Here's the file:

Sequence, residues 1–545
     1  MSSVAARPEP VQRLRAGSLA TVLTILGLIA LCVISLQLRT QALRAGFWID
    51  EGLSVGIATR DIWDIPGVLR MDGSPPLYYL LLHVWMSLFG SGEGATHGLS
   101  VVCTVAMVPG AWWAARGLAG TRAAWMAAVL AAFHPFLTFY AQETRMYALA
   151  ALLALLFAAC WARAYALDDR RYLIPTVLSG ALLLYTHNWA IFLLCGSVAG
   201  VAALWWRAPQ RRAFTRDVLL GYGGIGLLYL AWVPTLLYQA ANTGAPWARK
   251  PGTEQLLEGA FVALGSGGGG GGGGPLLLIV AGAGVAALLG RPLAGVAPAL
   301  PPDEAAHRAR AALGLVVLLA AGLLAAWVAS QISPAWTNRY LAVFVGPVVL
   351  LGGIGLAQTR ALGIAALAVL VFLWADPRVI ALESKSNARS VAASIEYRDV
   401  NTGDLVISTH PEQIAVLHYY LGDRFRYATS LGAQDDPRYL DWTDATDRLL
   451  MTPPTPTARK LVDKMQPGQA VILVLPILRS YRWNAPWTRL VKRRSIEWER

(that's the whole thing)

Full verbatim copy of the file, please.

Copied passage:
Sequence, residues 1–545
     1  MSSVAARPEP VQRLRAGSLA TVLTILGLIA LCVISLQLRT QALRAGFWID
    51  EGLSVGIATR DIWDIPGVLR MDGSPPLYYL LLHVWMSLFG SGEGATHGLS
   101  VVCTVAMVPG AWWAARGLAG TRAAWMAAVL AAFHPFLTFY AQETRMYALA
   151  ALLALLFAAC WARAYALDDR RYLIPTVLSG ALLLYTHNWA IFLLCGSVAG
   201  VAALWWRAPQ RRAFTRDVLL GYGGIGLLYL AWVPTLLYQA ANTGAPWARK
   251  PGTEQLLEGA FVALGSGGGG GGGGPLLLIV AGAGVAALLG RPLAGVAPAL
   301  PPDEAAHRAR AALGLVVLLA AGLLAAWVAS QISPAWTNRY LAVFVGPVVL
   351  LGGIGLAQTR ALGIAALAVL VFLWADPRVI ALESKSNARS VAASIEYRDV
   401  NTGDLVISTH PEQIAVLHYY LGDRFRYATS LGAQDDPRYL DWTDATDRLL
   451  MTPPTPTARK LVDKMQPGQA VILVLPILRS YRWNAPWTRL VKRRSIEWER